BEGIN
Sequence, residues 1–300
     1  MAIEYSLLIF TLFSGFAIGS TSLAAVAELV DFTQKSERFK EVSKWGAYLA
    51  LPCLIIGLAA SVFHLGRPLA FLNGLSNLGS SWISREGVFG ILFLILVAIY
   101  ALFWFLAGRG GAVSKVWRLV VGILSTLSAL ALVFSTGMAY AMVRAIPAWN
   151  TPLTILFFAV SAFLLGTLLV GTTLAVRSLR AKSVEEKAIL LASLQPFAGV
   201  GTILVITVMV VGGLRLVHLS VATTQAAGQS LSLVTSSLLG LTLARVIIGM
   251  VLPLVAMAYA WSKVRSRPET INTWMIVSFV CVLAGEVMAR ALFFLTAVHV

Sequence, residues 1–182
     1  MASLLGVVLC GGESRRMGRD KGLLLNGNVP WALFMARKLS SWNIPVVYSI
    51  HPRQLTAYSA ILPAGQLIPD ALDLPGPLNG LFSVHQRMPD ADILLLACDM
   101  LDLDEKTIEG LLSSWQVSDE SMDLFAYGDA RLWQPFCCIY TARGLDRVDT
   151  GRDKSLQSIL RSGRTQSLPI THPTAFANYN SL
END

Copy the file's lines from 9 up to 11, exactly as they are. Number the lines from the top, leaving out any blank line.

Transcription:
     1  MASLLGVVLC GGESRRMGRD KGLLLNGNVP WALFMARKLS SWNIPVVYSI
    51  HPRQLTAYSA ILPAGQLIPD ALDLPGPLNG LFSVHQRMPD ADILLLACDM
   101  LDLDEKTIEG LLSSWQVSDE SMDLFAYGDA RLWQPFCCIY TARGLDRVDT